- Great image quality, easy to use, customisable recording qualities
- Lack of manual controls, slightly lowered performance in low light settings
A great all-round camera, the HG10 is streamlined towards delivering high quality video in ideal conditions. The lack of manual controls may frustrate advanced users, however most will find it to be an excellent camcorder.
Price$ 2,199.00 (AUD)
Canon's new HG10 is a 40GB HDD-based, 1920x1080 resolution camcorder. Coming at a respectable price point for a high-definition video camera, the HG10 delivers great quality recording along with a useful, albeit at times limited, feature set. One of the better HD camcorders that we've seen, its functionality and ease of use make it a solid choice for a wide variety of users.
Video quality is very impressive, delivering clear, sharp images along with rich and accurate colour reproduction. Although it boasts impressive performance in brightly lit, steadily shot conditions, we did notice that quality suffered slightly in low light or high motion environments. Noise was more prominent in our motion and low light tests, and in low light conditions colour reproduction was affected, with greens becoming slightly more prominent and reds tending to be a little more faded.
This issue is to be expected with the vast majority of digital camcorder, although with the HG10 it is somewhat compounded by the relatively slim manual control settings, which are limited to auto white balance. A front-mounted lamp is provided to help illuminate close up objects in low light settings, but unfortunately distant objects may prove more challenging. A variety of image effects are also available. Despite the lack of manual focus, however, the autofocus is incredibly responsive and performed exceptionally in all our tests.
Video quality can be selected from a range of four possible modes -- LP (5Mbps and approximately 15 hours of shooting), SP (7Mbps and approximately 12 hours of shooting), XP (9Mbps and approximately 10 hours of shooting), and HXP (15Mbps and approximately 6 hours of shooting). This provides the user with a lot more versatility when it comes to shooting different scenes which will have different quality requirements. We did notice that the camera has retained its slight difficulty with high motion and low light scenes in lower quality modes, and at times these problems became more pronounced.
Despite being primarily a video camera, the HG10 includes a highly functional still image capture option. Unlike many other camcorders, the HG10 images can be captured whilst filming, a useful addition which prevents the necessity of using a computer to extract a still from a movie scene. Images can be captured at up to 3 megapixels, and are of decent quality considering the camera's design as a predominantly video model. An additional high speed continuous shooting mode adds more functionality.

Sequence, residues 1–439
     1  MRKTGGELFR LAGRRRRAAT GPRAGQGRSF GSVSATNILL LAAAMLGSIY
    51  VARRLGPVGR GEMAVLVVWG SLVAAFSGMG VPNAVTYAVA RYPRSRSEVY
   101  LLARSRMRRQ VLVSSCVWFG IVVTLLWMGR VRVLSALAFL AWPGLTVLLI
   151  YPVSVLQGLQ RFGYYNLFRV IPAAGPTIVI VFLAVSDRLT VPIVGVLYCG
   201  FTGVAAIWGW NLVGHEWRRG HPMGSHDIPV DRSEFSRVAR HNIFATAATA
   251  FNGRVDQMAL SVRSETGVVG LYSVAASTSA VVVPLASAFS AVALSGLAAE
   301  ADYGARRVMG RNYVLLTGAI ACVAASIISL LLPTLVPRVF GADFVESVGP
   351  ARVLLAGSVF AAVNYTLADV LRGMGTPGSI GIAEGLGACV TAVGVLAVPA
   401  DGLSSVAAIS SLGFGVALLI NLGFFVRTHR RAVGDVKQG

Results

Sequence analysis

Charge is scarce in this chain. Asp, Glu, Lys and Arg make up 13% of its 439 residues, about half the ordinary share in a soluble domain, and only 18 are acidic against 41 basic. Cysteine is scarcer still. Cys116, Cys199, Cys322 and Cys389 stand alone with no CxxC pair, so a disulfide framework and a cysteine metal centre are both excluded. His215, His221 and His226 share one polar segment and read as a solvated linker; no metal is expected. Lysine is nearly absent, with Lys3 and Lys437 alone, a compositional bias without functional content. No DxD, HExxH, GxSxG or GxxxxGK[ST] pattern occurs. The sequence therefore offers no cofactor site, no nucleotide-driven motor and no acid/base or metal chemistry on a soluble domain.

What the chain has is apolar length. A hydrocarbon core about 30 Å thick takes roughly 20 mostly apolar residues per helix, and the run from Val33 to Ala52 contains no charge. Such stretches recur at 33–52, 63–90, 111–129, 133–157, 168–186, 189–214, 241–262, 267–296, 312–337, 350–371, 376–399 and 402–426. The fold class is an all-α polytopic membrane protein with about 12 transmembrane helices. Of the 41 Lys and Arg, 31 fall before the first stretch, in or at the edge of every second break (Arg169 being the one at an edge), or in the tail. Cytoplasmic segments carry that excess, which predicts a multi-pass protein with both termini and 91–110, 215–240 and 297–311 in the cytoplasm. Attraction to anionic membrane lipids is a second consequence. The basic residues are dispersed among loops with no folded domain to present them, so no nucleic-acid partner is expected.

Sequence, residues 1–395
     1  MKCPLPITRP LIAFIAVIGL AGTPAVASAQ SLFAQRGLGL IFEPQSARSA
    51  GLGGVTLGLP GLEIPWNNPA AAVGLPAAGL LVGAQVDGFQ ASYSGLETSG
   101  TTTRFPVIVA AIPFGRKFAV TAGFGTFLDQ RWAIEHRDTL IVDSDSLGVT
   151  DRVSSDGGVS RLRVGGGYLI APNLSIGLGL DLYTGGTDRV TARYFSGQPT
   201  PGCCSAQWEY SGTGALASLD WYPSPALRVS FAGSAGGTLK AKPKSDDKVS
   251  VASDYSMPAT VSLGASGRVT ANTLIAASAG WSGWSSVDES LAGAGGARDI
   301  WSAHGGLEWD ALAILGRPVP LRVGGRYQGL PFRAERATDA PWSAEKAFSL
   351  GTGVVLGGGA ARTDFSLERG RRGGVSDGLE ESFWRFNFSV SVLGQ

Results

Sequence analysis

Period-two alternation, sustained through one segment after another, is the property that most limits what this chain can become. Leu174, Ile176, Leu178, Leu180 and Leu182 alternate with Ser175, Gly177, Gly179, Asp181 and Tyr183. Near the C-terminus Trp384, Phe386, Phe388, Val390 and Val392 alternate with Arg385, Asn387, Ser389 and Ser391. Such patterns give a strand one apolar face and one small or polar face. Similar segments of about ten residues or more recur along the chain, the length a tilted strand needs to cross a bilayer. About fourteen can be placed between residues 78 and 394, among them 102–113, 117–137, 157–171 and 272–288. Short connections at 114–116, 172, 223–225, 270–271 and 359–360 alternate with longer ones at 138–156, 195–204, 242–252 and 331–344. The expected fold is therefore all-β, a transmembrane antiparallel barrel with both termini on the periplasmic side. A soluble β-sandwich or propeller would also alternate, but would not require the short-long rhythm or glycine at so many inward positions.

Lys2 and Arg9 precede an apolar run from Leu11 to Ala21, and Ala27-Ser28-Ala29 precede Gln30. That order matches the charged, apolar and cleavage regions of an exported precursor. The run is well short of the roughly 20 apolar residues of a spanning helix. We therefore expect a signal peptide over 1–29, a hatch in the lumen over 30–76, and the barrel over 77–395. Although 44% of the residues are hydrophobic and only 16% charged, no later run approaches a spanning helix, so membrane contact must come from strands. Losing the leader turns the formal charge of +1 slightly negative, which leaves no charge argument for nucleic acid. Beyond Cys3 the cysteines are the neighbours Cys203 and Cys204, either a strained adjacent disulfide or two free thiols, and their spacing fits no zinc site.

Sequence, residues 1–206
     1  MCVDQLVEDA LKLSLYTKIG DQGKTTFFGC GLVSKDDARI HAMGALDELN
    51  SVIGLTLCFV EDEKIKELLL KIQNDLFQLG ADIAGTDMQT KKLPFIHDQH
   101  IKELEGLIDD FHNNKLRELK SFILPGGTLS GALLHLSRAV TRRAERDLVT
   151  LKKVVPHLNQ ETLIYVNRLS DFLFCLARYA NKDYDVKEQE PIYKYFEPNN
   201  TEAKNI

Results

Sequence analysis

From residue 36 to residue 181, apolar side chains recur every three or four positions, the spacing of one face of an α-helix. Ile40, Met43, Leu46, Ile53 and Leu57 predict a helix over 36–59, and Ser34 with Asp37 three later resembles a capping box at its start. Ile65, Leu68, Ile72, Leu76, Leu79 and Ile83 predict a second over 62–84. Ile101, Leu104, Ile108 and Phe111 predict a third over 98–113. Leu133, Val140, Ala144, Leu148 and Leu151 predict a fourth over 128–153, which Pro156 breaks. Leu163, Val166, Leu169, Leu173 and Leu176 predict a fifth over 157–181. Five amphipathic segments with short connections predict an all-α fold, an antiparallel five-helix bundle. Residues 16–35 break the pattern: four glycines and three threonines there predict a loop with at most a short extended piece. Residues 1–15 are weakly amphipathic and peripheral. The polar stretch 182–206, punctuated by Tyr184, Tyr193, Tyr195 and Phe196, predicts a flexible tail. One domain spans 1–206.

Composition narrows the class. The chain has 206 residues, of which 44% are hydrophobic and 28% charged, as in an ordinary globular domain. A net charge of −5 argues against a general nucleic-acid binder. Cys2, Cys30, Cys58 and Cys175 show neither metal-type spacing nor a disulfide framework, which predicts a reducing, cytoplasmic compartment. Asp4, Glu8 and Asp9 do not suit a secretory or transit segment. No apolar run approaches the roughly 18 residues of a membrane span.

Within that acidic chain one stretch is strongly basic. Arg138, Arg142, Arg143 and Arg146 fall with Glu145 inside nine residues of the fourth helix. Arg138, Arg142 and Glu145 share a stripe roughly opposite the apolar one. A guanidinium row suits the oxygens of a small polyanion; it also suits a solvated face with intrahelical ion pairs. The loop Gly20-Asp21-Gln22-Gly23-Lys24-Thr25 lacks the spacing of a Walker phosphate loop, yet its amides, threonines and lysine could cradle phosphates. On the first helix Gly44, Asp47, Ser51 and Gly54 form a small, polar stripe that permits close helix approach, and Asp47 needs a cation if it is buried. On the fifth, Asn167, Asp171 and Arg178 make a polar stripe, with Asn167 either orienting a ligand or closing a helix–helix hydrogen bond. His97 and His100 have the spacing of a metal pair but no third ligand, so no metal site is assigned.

The on-screen interface is simple to navigate, and intuitively laid out. A scroll wheel to the left of the screen makes navigation easy, and the relatively small number of features helps to keep the menus simple and free of clutter.
Canon has implemented a standard and highly effective design with the HG10. Because of its HDD, it's slightly bulkier than a DVD or MiniDV model, but still sits comfortably in the hand, with all buttons in easy reach of the fingers or thumb. Even with the included battery, it's quite light. Our only qualm with the design is that the Quickstart button (which provides a 'startup' from standby mode of less than one second) isn't accessible with the right hand, but ultimately this is of little consequence.
The HG10 can be connected to a TV set via either HDMI or component cables, as well as composite, or to a PC via USB. No FireWire connections are available, although microphone and headphone jacks are both present.
Overall, the HG10 is a highly impressive camera. Definitely geared more towards the home user, rather than the professional, it nevertheless delivers excellent quality and a wide range of versatility, along with an easy-to-use interface. Despite a few drawbacks, it's nevertheless worth considering for anyone in the market for a high-definition camcorder.
Join the Good Gear Guide newsletter!
Most Popular Reviews
- 1 Motorola Moto X (2nd Gen) review: Raising the bar
- 2 Xiaomi Mi4 review: Xiaomi's best yet
- 3 Samsung Galaxy Note Edge review: Lightly flawed, Undeniably special
- 4 Sony Xperia Z3 review: The no-frills flagship
- 5 Samsung's Galaxy Alpha review: A peek into the Galaxy S6
Best Deals on GoodGearGuide
Latest News Articles
- Microsoft's stream processing engine boosts Bing, Azure services
- Snapchat and Twitter violate each other's personal space
- Sony Mobile said to be planning 1000 more job cuts
- Old arguments may bog down US data breach notification legislation
- New SAP Hana tool aims to put Big Data insights within closer reach
GGG Evaluation Team
First impression on unpacking the Q702 test unit was the solid feel and clean, minimalist styling.
For work use, Microsoft Word and Excel programs pre-installed on the device are adequate for preparing short documents.
The Fujitsu LifeBook UH574 allowed for great mobility without being obnoxiously heavy or clunky. Its twelve hours of battery life did not disappoint.
The screen was particularly good. It is bright and visible from most angles, however heat is an issue, particularly around the Windows button on the front, and on the back where the battery housing is located.
My first impression after unboxing the Q702 is that it is a nice looking unit. Styling is somewhat minimalist but very effective. The tablet part, once detached, has a nice weight, and no buttons or switches are located in awkward or intrusive positions.